This is the second of four blog articles that I will write on the subject of the loan-to-cost ratio in commercial mortgage finance. You will recall that last week I wrote an article on how to compute total cost. Later this week I hope to write a blog article on the loan-to-cost ratio in renovation finance and a second blog article on the loan-to-cost ratio during times of economic turmoil.
By the way, if you happened to find this article because you were looking for a commercial construction loan, you can submit your commercial construction loan request to hundreds of hungry commercial construction lenders by clicking the button below:
Today we are going to talk about the loan-to-cost ratio in commercial construction lending. The Loan-to-Cost Ratio is defined as the (construction) loan amount divided by the Total Cost of the project, times 100%.
Suppose an experienced and reputable developer came up to you and said, "Listen, I want to build a $2 million apartment building. I almost have enough cash on hand to build it entirely without outside financing. All I need for you to do is to loan me $800,000. I'll give you a first mortgage on the apartment building at an attractive interest rate, and before I spend one penny of your money on the project, I will first spend $1.2 million of my own dough getting the property 60% completed. You can even control your $800,000 so you can be sure your money will be used to complete the project."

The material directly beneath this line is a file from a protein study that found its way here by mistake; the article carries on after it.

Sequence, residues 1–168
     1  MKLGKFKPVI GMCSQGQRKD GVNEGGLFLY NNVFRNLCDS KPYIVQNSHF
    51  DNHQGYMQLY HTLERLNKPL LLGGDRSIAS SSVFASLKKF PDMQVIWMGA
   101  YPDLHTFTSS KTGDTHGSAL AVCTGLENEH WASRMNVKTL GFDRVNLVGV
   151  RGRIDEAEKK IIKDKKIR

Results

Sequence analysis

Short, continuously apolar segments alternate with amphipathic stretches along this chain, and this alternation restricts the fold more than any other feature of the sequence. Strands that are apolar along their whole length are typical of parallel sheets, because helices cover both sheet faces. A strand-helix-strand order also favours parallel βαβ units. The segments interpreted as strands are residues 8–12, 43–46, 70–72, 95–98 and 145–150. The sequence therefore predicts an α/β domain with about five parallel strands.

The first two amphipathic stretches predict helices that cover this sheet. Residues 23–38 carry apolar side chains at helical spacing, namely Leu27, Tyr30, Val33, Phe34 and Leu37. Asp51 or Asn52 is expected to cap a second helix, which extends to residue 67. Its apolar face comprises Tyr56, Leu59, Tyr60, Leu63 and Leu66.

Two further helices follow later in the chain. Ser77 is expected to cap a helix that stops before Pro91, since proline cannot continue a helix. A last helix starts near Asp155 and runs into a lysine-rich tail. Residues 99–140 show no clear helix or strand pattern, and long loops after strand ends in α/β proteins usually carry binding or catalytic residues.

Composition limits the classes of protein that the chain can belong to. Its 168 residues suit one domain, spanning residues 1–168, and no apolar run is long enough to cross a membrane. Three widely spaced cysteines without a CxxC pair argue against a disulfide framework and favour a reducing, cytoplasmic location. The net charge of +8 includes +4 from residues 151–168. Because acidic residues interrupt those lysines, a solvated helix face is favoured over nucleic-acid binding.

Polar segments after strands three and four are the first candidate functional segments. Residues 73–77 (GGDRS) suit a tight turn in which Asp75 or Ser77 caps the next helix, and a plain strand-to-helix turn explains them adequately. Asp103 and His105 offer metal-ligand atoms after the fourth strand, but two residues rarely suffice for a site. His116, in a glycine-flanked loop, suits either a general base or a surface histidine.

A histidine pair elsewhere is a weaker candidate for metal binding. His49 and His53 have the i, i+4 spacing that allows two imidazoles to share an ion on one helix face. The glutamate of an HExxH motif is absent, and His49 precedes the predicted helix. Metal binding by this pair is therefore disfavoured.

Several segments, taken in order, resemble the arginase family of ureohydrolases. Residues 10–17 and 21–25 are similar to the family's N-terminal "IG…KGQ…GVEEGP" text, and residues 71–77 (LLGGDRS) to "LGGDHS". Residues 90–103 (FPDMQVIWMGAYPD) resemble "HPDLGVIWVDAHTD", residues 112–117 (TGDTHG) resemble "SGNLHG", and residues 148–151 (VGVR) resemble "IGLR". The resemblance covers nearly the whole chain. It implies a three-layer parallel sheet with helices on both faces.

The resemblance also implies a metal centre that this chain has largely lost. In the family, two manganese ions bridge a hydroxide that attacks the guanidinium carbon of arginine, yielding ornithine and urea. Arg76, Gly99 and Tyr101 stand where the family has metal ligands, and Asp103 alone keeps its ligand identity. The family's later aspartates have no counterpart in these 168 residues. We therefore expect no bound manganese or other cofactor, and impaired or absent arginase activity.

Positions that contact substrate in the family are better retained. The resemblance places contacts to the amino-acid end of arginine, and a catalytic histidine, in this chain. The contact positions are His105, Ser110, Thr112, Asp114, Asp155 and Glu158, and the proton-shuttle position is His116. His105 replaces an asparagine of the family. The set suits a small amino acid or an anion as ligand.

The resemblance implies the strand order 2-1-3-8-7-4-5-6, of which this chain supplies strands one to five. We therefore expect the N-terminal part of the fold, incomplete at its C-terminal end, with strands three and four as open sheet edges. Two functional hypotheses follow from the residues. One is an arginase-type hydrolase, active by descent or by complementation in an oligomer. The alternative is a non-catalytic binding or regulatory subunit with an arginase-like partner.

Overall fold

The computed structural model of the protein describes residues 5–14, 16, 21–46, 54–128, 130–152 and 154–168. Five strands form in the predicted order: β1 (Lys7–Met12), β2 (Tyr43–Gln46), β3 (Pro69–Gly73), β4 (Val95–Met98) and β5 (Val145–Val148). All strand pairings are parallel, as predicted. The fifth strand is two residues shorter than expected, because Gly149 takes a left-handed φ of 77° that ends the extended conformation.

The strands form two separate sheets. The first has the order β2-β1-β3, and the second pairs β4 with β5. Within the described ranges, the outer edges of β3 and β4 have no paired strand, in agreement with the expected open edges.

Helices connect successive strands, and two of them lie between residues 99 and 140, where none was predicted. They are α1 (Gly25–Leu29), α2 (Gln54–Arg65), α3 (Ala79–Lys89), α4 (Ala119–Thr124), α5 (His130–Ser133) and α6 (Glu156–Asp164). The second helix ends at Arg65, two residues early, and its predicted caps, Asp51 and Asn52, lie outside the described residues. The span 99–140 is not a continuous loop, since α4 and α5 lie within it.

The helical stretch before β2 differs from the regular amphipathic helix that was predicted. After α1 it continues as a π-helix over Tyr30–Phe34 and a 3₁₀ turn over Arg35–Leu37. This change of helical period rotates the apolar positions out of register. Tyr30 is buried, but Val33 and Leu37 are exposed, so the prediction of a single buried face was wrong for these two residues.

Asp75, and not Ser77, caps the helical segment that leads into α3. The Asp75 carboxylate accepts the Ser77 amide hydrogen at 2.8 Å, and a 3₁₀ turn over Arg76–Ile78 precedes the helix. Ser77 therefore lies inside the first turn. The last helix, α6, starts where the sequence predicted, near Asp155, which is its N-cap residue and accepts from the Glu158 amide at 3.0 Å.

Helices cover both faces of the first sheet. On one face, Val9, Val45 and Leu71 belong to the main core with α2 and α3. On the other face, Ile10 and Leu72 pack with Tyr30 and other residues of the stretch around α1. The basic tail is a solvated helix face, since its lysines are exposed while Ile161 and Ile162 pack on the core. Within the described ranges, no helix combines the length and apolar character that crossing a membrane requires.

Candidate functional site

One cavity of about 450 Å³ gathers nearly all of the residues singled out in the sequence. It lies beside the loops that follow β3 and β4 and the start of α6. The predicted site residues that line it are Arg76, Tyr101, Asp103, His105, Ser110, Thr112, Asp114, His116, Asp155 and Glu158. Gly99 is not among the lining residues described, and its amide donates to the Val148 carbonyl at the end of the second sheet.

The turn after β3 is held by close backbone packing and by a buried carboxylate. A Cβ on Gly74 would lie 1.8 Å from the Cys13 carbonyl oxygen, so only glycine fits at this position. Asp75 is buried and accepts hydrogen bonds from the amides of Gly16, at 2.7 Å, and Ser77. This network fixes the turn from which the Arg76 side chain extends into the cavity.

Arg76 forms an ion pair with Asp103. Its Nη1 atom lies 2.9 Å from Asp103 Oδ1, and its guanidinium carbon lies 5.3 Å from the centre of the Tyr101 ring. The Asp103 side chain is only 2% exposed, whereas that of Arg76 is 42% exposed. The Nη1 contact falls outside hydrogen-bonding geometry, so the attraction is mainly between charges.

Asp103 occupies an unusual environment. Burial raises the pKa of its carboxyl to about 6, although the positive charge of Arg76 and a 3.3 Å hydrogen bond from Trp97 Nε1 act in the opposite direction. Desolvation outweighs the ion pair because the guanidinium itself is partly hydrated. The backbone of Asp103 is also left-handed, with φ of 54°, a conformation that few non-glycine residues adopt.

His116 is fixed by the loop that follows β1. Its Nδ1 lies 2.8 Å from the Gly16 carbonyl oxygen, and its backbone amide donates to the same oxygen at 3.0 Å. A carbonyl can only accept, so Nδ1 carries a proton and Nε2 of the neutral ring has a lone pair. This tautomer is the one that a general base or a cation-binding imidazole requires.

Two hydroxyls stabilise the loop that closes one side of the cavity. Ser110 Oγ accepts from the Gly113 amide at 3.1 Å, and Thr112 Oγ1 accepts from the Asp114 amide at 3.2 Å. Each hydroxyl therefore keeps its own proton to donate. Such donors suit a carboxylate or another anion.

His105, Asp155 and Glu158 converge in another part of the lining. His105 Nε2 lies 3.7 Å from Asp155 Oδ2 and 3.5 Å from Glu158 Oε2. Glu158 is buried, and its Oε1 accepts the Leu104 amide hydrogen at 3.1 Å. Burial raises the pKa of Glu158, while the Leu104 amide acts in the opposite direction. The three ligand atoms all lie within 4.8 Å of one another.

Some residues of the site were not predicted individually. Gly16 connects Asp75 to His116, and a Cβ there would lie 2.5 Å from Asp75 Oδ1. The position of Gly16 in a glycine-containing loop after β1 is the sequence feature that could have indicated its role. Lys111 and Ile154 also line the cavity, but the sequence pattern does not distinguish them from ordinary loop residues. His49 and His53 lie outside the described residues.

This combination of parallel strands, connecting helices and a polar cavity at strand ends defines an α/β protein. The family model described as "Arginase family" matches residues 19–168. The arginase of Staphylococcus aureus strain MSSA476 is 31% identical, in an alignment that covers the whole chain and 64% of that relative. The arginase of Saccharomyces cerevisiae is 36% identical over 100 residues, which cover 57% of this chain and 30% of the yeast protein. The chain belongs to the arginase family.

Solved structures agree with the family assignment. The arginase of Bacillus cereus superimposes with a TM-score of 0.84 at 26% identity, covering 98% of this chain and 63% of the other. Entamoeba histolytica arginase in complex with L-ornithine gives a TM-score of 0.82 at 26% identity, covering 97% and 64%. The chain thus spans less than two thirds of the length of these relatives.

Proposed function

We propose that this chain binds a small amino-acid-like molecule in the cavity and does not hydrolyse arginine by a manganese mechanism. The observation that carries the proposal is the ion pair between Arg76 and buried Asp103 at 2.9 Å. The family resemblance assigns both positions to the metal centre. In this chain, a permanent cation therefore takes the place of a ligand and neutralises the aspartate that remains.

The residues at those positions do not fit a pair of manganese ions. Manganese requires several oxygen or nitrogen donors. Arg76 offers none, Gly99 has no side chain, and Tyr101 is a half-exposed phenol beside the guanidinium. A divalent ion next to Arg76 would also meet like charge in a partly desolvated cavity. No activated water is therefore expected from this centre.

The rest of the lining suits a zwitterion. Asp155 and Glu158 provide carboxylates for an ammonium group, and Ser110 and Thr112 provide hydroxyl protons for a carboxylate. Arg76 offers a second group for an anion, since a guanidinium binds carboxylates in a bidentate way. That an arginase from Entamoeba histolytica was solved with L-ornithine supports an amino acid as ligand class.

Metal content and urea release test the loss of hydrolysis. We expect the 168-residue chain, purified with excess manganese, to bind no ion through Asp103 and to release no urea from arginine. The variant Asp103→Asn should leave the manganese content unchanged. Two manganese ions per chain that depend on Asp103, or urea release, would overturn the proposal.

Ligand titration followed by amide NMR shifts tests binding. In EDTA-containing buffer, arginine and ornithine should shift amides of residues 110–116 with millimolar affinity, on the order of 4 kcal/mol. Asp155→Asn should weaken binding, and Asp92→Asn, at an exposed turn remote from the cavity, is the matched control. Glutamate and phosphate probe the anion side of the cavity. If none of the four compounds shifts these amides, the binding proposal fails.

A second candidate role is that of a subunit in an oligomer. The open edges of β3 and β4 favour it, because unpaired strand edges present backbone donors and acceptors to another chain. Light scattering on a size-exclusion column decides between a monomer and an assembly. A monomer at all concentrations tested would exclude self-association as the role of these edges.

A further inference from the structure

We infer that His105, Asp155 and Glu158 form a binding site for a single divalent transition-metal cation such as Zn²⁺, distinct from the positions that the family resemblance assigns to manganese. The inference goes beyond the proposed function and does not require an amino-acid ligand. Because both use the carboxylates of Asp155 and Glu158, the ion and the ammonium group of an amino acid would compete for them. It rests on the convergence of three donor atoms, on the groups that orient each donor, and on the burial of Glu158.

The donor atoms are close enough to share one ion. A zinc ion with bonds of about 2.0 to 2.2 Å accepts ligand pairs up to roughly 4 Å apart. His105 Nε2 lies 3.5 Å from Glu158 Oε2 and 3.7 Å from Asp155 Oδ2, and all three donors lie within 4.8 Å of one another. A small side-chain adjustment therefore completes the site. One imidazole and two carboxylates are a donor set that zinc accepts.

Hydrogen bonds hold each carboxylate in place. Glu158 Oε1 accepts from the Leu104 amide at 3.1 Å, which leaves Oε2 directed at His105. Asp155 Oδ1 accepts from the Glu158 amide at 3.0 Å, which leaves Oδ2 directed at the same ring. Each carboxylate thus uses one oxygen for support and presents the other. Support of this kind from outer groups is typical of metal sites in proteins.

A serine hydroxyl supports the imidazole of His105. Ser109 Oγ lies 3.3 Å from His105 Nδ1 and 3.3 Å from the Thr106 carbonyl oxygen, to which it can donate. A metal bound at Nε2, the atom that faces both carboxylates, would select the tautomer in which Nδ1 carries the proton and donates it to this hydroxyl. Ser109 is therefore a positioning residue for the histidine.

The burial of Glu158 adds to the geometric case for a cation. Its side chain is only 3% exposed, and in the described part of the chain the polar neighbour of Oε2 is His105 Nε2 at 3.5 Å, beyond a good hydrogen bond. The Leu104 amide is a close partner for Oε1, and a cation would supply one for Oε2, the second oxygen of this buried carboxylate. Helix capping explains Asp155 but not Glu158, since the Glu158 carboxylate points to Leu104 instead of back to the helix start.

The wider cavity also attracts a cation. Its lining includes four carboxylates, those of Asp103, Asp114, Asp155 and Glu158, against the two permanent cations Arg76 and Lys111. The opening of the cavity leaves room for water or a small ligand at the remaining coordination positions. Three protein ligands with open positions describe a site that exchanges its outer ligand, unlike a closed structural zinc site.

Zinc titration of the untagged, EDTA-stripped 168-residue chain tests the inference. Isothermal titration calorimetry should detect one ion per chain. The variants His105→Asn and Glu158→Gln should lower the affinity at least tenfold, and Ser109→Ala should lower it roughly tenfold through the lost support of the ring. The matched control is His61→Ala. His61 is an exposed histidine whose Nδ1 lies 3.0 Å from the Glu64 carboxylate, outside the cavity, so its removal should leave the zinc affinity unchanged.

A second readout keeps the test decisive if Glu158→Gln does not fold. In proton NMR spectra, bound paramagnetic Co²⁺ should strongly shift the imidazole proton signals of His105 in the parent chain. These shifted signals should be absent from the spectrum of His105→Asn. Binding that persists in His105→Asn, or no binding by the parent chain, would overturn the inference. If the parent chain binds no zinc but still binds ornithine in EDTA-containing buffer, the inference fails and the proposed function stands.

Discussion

So ... would you do that deal? Heck, yes! The developer is the one taking most of the risk, and if he doesn't pay you, you can foreclose on a $2 million apartment building. You kind of knew that intuitively, but how would you know that mathematically?
Well, let's compute the Loan-to-Cost Ratio. Eight hundred thousand dollars (the construction loan amount) divided by $2 million (the Total Cost) times 100% gives you a Loan-to-Cost Ratio of just 40%! The developer is covering a whopping 60% of the cost. This is a wonderful loan!
Okay, but we're dreaming here. No developer in real life is ever going to cover 60% of the total cost. So what is a reasonable Loan-to-Cost Ratio? During normal times, commercial banks - the lenders who make 95% of all commercial construction loans - will usually make commercial construction loans at 80% of cost.
During go-go times, when commercial banks are cutting each other's throats to get business, commercial construction loans of 90% loan-to-cost were not uncommon. If the developer was VERY wealthy and VERY experienced, the commercial bank might even lend up to 100% loan-to-cost. Of course, many of those commercial banks who went 90% to 100% loan-to-cost subsequently failed during the next real estate recession that seems to hit every seven to twelve years.
Today we are climbing out of the Great Recession. Commercial banks caught in commercial construction loans during the Great Recession got mauled, so during the Great Recession almost all commercial construction financing disappeared. Even today, very few commercial banks are actively competing for construction deals.
Nevertheless, the economy is recovering. Construction loans are usually very, very profitable for banks, and they are short term loans. A few commercial banks today are once again dipping a toe into the construction loan waters.
So what is a reasonable Loan-to-Cost Ratio today? Today few commercial banks will make commercial construction loans in excess of 65% to 70% loan-to-cost. In other words, the developer has to cover 30% to 35% of the Total Cost.
The good news is that, as the recovery becomes more convincing, commercial banks will start to compete against each other for good deals. I predict that within six months commercial construction loans of 75% loan-to-cost will become commonplace.